From spaghetti to baked ziti and lasagna, this recipe is my go-to meat sauce. With lean bison and fresh tomatoes it’s also on the healthier side. Get the recipe now!
Until I met Bry I was perfectly happy with canned sauce. Sure, I’d add a little extra basil depending on the brand, but otherwise I had no issue unscrewing the lid, heating it up and pouring it over my pasta dish.
But then Bry introduced me to true, homemade Italian sauces and suddenly those jarred sauces just couldn’t cut it anymore.
While I do have a go-to vegetarian marinara recipe on the blog, if you’re a meat eater then this recipe is by far one of my favorite recipes, and I promise you it’ll become your family’s favorite as well!
Growing up in Colorado, eating bison was perfectly normal. However, when I was living in Boston I quickly realized that not everyone is as familiar with it.
Besides liking the flavor better, bison is also a healthier option with 4-ounces of ground bison providing 203 calories, 9.7 grams of fat, 4 grams saturated fat, and 29 grams of protein.
In comparison, 4-ounces of 80% lean ground beef provides 280 calories, 22 grams of fat, 9 grams saturated fat, and 20 grams of protein.
So, not only is bison lower in calories, total fat, and saturated fat, but it’s also higher in protein!
Plus, due to federal regulations, all bison have to be raised without any hormones or antibiotics, so you don’t have to worry about reading your labels quite as closely.
Absolutely! This sauce is unique in that it already uses some canned tomato products. While I like to use roma tomatoes, especially when they’re in season, you can still get a delicious sauce using canned diced tomatoes.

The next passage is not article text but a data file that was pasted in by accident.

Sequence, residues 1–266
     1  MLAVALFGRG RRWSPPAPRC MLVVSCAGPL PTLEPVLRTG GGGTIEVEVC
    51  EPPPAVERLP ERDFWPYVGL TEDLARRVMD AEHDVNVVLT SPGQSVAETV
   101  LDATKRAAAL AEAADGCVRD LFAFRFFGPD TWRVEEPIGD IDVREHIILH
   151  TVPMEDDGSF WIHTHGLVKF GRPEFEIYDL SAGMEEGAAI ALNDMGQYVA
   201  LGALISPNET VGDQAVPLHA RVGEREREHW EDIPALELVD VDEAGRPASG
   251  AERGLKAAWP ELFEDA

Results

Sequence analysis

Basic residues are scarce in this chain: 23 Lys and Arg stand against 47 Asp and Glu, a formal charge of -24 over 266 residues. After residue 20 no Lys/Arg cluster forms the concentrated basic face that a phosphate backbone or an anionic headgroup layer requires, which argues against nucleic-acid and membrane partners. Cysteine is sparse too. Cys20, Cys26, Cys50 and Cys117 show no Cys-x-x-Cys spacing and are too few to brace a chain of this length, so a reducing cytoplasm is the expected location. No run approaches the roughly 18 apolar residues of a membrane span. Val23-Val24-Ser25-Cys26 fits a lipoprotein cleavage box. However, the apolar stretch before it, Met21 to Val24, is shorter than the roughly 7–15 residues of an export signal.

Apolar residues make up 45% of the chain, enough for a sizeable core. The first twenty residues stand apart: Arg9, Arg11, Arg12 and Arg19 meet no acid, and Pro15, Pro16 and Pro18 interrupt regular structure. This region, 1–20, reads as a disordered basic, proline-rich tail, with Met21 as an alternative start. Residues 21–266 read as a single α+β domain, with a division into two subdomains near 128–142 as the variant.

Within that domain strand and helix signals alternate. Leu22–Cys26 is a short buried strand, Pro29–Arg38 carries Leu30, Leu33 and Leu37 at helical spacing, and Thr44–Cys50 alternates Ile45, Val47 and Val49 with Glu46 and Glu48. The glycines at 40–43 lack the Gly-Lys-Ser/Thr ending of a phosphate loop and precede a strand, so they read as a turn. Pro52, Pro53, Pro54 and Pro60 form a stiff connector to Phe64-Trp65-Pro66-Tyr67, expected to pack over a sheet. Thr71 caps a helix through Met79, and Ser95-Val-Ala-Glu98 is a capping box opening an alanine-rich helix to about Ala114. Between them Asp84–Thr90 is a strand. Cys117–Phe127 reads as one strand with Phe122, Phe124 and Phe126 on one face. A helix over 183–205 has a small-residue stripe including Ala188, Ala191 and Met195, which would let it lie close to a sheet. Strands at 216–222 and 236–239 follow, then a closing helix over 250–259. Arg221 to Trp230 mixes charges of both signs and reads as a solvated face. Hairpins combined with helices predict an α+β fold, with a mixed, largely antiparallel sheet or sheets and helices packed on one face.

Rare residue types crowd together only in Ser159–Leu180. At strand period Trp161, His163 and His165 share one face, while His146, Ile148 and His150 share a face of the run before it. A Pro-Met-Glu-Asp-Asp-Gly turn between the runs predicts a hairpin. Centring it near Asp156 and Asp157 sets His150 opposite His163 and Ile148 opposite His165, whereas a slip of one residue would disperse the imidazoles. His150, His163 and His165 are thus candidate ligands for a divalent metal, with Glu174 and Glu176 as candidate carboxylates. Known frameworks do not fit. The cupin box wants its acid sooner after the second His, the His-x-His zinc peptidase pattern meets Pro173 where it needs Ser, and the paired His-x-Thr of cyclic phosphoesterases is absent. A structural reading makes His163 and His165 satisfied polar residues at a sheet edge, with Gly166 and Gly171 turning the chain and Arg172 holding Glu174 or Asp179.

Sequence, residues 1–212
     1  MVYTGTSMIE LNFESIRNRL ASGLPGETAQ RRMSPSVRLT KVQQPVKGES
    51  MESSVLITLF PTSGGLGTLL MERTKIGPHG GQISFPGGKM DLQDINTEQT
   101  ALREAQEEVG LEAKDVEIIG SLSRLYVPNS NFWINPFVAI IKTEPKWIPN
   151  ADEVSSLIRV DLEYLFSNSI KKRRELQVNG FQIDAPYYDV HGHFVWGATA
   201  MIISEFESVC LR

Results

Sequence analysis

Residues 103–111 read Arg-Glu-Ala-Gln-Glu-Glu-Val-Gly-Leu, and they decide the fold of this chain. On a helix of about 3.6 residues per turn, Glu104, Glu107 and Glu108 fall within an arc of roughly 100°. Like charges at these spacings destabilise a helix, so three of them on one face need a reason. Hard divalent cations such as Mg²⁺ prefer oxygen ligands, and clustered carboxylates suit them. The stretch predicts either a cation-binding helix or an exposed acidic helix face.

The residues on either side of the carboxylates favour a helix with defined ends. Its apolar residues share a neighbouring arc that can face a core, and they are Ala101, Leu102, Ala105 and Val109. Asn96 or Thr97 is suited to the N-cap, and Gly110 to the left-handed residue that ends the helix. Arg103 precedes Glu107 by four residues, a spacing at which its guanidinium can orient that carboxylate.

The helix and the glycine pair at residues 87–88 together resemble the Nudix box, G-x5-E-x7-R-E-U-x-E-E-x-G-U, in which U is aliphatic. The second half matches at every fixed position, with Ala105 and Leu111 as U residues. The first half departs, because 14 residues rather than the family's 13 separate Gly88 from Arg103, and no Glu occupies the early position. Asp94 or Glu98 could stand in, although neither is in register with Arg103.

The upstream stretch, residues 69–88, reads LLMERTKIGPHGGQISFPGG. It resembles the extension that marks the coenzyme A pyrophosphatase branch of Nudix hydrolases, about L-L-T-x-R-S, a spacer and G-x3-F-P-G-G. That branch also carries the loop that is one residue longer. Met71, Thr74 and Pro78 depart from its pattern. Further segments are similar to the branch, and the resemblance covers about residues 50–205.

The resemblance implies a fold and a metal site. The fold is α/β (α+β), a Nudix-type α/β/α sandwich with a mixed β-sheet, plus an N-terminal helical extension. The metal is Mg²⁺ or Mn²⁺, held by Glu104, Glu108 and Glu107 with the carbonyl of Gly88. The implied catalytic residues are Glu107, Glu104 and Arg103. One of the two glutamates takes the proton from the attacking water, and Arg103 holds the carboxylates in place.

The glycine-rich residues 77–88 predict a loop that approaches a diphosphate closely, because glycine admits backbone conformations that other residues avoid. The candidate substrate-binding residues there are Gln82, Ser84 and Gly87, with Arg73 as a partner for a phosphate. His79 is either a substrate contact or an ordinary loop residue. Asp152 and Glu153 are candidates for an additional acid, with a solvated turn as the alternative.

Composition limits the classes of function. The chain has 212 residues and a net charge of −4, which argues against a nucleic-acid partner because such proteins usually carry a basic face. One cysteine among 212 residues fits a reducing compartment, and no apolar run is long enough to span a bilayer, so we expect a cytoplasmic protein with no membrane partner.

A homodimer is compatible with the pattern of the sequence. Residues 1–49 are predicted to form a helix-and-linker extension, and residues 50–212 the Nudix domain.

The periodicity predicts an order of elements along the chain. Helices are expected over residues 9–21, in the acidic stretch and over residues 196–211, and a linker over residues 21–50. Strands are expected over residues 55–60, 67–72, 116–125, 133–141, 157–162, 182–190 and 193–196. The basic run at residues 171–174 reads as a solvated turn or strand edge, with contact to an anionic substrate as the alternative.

To substitute in canned, use 1 14.5-ounce can of regular diced tomatoes in place of 1 pound of roma tomatoes.
If there’s one “rule” with this pasta sauce, it’s using really good canned tomato sauce. As tempting as it can be to buy generic or whatever’s on sale, the quality varies greatly.
My go-to is Muir Glen tomatoes; however, I know others swear by Cento San Marzano.
Step 1: Prep all your ingredients
Start by dicing you shallot and tomatoes and mincing the garlic. Measure out remaining ingredients.
Step 2: Sautee the shallot
Place a heavy-bottom pot or large saucepan over medium heat and add oil. I like to use a large saucepan as I find the sauce reduces and thickens better.
Once oil is hot, add diced shallots and saute until softened and fragrant, about 2 minutes.
Step 3: Brown the bison
Add ground bison and minced garlic. Cook until bison is browned, breaking it up into crumbles, about 4-5 minutes. It’s okay if the bison is sitll a little pink – it has hours left to finish cooking.
Step 4: Add remaining ingredients and cook long and slow
Add remaining ingredients to pan and increase heat to medium-high. Bring to a boil.
Once boiling, reduce heat to a low simmer and cook for at least 1 hour, but ideally 2-3 hours, until thickened.
Taste and adjust seasonings as needed. Use sauce immediately or store in the fridge for up to 5 days.
Just like how lasagna usually tastes even better the second day, this sauce only gets better with a night spent in the fridge.
Let me know how you end up using this sauce by tagging @TheHealthyToast_RD on Instagram, and don’t forget to share this recipe on Pinterest!
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